Review your credit report.

When you get your credit report, review it carefully to check for errors. If you spot any inaccuracies, you can dispute them with the credit bureau to clear your personal financial history. Also, look out for signs of identity theft, such as accounts you didn’t open, purchases you didn’t make, or credit applications you didn’t submit.

Boost your credit score.

One of the biggest reasons many loan applications are denied is because the applicant’s credit score didn’t meet a certain threshold. If you’re denied a loan because of your credit, it’s smart to take steps to boost your score, like getting caught up on debt payments and paying down balances. You can also consider enrolling in a credit-building program, like Get Credit from Marine Credit Union, which can help you build your credit and your savings (which can help with a down payment later!).

Get help.

You can receive professional, nonprofit advice from a certified credit counselor. Marine Credit Union members are eligible for free counseling with GreenPath Financial Wellness. Or, find an agency near you through NFCC (The National Foundation for Credit Counseling).

Shop around and re-apply.

Not all lenders have the same qualifications or requirements. Lending rates, fees, and terms can vary widely from bank to bank—and so can their approach to working with you. If you’re turned down for a loan by one lender, research others or seek recommendations from friends or family members.

What to do if you fall behind on a loan payment

When you’ve navigated the journey and arrived at “yes” in response to your loan application, now you’re faced with the responsibility of keeping up with your monthly loan payments. Sometimes this is tougher than expected.

A lot of things, from unexpected medical bills to unplanned car repairs, can cause you to miss a payment. It’s not the end of the world, but it is important to get back on track. A caring lender is also likely to believe in compassionate collections, and they can help you get in front of a series of late payments.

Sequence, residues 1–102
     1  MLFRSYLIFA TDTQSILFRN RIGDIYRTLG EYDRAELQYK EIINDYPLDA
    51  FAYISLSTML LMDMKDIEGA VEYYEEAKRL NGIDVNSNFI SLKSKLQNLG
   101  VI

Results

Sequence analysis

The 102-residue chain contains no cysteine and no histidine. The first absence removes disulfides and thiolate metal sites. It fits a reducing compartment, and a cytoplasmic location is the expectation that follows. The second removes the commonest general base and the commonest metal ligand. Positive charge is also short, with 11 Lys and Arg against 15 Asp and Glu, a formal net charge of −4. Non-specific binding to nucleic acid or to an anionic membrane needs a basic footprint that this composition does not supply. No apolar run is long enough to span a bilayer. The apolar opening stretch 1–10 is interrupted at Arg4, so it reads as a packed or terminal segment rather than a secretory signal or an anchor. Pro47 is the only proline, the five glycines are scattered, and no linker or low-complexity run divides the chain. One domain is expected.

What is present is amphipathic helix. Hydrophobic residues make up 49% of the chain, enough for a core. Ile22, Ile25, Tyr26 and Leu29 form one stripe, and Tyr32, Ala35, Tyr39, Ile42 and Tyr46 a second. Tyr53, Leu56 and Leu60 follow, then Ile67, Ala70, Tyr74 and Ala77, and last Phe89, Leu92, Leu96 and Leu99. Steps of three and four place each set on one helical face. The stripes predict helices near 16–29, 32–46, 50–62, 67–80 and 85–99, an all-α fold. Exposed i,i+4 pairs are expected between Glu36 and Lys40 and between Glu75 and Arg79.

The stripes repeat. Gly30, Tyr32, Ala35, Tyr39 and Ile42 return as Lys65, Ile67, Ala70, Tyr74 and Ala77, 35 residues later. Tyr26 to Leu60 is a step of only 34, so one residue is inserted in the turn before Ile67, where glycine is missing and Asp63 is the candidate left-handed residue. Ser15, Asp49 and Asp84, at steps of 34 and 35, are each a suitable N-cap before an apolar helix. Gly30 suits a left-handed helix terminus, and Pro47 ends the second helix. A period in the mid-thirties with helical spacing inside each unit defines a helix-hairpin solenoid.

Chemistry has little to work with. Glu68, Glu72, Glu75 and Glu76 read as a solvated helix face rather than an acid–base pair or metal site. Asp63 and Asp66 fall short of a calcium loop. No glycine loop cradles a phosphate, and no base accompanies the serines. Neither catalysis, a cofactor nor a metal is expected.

If you fall behind on a loan payment, it will help to take these steps:

Call your lender as soon as possible.

If you know you’re going to fall behind with a payment, let your lender know. Reaching out proactively demonstrates your responsibility, and acting early increases the chances of your lender being able to work with you to create a plan.  

Ask to change your payment due date.

If the timing of your due date is an issue, you may be able to change the date your payment is due. Work with your lender to adjust your payment schedule so that your payment comes due after payday or at a different time of the month from when you incur other expenses.  

Create a payment plan.

Your lender may be able to offer you the option of extending, postponing, or post-dating payments. Sometimes making smaller but more frequent payments can help you get caught up and back on track. But be careful not to lose sight of the big picture—these solutions can lower your payments but extend the term of your loan and increase the total amount you must repay.

Make a plan for prevention.

The best way to avoid the consequences of a missed payment is to make a plan that will prevent you from missing a payment! Here are just a few of the steps you can take to be proactive:

  • Sign up for payment reminder notifications via text or email.
  • Set your own calendar notification before a payment is due.
  • Sign up for automatic payments and have the funds automatically withdrawn from your checking or savings account.
  • Take control of your budget with financial planning tools (Marine Credit Union has a variety of free calculators and budgeting tools to choose from).

Working with Marine Credit Union

At Marine Credit Union, we believe in people helping people. That means that when you’re looking for a loan, we’ll help you understand your options and work to find the right mortgage for you. And, if you ever do fall behind on a loan payment, we’ll work with you to find creative solutions that fit your needs and help you get back on the right track.

Experience a different approach with Marine Credit Union. Learn more about applying for a loan, get started on your loan application, or reach out to our team for help.